Asst. Professor of Painting
Faculty of Fine Arts
MS University of Baroda
THE state of art education in India is inversely proportional to the heights that contemporary art is reaching in India. The exponential growth in the number of Universities offering Fine Arts tells nothing of the indifferent quality of many. Historically the first university to formally offer Fine Arts was Maharaj Sayajirao University of Baroda in 1951. From then onward many universities have started Fine Arts departments all over the country. But as with much of the state of higher education in this country the quantity has hardly helped creating quality. The fundamental problems seem to be growing bigger by the day. The fact that some are under All India Council for technical Education while the majority are administered by UGC is indicative of the policy confusion.
What’s missing in arts education?
The curriculum does not reflect contemporary art developments. For instance, none offer courses of interdisciplinary nature but are happy to perpetuate divisions such as painting, sculpture and print making while art in the world over is increasingly multi-disciplinary. Looking at the syllabi and courses will have you believe that all visual art can be neatly categorized into these departments and no such thing exist as new media, installations or performance art. The courses offered in Art History or theory is also thoroughly inadequate and archaic. Lack of resources and lack of incentive to change and adopt the best practices exacerbated by excessive centralised regulation and outmoded procedure is leading art education at the highest level to merely exist.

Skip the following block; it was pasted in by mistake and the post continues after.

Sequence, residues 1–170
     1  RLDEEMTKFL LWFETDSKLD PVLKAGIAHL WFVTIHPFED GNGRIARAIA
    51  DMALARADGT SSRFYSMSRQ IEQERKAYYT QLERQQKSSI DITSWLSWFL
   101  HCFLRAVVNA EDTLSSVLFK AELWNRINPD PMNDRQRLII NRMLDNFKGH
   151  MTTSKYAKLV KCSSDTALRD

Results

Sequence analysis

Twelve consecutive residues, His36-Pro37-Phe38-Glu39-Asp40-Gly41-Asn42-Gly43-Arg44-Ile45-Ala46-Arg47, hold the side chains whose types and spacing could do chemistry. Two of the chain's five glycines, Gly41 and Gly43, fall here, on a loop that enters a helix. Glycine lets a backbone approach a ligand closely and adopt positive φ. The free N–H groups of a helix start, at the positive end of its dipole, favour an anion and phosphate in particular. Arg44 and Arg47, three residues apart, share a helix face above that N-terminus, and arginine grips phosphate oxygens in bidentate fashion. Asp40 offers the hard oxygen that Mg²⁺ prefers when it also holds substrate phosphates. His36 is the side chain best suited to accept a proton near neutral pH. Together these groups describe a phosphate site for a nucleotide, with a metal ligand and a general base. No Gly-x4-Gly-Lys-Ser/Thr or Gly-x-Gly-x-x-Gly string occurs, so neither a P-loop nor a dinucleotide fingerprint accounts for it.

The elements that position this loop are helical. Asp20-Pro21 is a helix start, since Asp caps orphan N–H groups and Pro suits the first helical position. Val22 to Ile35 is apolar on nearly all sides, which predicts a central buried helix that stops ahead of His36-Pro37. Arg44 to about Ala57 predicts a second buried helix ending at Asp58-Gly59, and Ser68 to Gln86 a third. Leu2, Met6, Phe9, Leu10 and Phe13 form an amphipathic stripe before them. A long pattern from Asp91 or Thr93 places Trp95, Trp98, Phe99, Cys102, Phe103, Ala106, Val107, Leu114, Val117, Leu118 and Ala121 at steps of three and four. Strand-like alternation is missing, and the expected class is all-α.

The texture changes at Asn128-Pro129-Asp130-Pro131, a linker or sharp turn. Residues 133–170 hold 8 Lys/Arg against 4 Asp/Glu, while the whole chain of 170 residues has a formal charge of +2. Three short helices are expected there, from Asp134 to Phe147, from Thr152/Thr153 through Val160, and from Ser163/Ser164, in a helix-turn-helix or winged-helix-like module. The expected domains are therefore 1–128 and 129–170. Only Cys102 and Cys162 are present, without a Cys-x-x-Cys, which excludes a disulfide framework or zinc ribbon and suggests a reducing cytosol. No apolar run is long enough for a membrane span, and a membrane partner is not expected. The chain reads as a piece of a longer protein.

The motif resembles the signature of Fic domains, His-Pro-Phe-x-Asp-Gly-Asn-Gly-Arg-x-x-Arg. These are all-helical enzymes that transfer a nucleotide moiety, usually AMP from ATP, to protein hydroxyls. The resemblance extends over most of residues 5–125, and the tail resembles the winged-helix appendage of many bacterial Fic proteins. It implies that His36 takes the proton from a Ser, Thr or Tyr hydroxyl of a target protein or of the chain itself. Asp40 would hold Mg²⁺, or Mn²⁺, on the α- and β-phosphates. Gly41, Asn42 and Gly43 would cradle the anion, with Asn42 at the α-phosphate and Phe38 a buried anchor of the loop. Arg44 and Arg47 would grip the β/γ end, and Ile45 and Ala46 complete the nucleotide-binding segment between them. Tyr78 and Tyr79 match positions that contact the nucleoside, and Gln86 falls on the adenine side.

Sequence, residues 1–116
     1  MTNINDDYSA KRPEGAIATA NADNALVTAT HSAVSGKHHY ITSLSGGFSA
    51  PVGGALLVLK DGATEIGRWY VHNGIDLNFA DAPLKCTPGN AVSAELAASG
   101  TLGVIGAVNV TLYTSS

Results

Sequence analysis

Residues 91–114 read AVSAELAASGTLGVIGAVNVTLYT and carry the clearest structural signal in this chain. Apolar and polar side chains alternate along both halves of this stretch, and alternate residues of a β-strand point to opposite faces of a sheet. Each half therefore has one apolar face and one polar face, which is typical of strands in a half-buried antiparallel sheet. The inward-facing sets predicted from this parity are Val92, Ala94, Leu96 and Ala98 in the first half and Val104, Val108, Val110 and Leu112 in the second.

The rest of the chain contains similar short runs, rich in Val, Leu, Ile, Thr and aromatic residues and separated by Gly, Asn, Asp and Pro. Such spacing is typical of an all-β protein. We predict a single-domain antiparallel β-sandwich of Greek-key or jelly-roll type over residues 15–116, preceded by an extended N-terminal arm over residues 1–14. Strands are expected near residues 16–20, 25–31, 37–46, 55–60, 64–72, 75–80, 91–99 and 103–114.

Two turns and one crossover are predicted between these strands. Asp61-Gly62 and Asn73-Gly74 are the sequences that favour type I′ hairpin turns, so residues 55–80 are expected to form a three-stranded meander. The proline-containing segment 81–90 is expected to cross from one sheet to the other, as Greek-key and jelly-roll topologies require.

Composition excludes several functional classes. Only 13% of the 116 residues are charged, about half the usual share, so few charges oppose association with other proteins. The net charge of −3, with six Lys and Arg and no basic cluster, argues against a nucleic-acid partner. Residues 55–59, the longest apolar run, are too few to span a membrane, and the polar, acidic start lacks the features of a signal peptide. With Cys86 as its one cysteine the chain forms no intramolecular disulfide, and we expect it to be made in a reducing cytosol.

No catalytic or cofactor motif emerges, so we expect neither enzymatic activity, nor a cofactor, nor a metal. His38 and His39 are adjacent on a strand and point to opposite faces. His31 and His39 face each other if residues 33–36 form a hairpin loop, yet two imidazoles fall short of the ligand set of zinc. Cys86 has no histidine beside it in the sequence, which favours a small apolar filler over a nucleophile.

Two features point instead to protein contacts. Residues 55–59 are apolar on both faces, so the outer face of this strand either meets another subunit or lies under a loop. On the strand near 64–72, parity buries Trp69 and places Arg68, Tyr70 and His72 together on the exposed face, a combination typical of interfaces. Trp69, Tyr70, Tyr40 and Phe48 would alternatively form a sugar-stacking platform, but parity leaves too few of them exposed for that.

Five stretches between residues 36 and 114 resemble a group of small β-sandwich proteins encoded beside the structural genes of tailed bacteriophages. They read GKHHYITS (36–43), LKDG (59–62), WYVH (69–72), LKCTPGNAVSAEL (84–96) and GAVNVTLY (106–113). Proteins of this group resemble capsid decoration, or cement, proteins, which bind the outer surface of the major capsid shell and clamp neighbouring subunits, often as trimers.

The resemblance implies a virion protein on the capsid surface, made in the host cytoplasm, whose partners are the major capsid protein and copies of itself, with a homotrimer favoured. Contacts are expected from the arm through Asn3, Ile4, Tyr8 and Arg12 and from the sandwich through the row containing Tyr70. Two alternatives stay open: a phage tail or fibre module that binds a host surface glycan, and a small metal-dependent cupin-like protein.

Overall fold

Expanding knowledge There have been a slew of new directives from the UGC in the past few years that has only compounded the problems. Take for instance the insistence on PhDs for appointment of professors. Professionals in art or for that matter design should be encouraged to get involved in teaching and that is the way to keep art education at its creative best. Most artists and design professionals do not go for doctoral degrees simply because there are no practise based doctoral degrees available in this country and PhD necessarily means Art Historical research. In the name of bringing quality to Art education the UGC in its wisdom has managed to not only freeze new recruitment but also made career advancement of best teachers a nightmare in one big sweep. Dire need of art journals
The API (academic performance indicator) score necessary for promotions is a classic case in point where nomenclature borrowed from other disciplines grafted on art education is proving to be utterly nonsensical. There exist no such thing as ‘peer reviewed journal’ in art and yet one is expected to publish in such journals! The word ‘Publication’ excludes artwork, design work or any such visual inputs. The privileging of the written word over all else is indicative of the overwhelming bias that is detrimental to disciplines such as visual art. There are numerous instances of this overly bureaucratic and myopic attitude that is being imposed in the mistaken belief that one size fits all kinds of academic needs. Art education is going through one of the worst crisis and there is urgent need to look into all aspects such as policy, curriculum, teacher recruitment and funding and listen to the voices of the stakeholders.
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